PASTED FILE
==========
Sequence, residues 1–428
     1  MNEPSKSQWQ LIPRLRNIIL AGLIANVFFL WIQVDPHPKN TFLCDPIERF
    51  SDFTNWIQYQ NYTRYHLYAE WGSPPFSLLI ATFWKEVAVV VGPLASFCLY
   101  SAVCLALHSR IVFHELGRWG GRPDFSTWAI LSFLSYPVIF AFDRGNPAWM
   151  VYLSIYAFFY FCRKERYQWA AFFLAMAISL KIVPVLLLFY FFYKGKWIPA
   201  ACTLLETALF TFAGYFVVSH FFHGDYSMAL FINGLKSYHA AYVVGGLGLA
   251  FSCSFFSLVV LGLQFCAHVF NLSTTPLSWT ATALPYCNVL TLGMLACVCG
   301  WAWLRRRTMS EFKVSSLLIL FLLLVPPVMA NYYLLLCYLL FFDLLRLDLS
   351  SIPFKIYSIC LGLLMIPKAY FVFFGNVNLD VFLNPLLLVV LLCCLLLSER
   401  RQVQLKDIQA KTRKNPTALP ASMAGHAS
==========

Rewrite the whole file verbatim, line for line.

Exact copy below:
Sequence, residues 1–428
     1  MNEPSKSQWQ LIPRLRNIIL AGLIANVFFL WIQVDPHPKN TFLCDPIERF
    51  SDFTNWIQYQ NYTRYHLYAE WGSPPFSLLI ATFWKEVAVV VGPLASFCLY
   101  SAVCLALHSR IVFHELGRWG GRPDFSTWAI LSFLSYPVIF AFDRGNPAWM
   151  VYLSIYAFFY FCRKERYQWA AFFLAMAISL KIVPVLLLFY FFYKGKWIPA
   201  ACTLLETALF TFAGYFVVSH FFHGDYSMAL FINGLKSYHA AYVVGGLGLA
   251  FSCSFFSLVV LGLQFCAHVF NLSTTPLSWT ATALPYCNVL TLGMLACVCG
   301  WAWLRRRTMS EFKVSSLLIL FLLLVPPVMA NYYLLLCYLL FFDLLRLDLS
   351  SIPFKIYSIC LGLLMIPKAY FVFFGNVNLD VFLNPLLLVV LLCCLLLSER
   401  RQVQLKDIQA KTRKNPTALP ASMAGHAS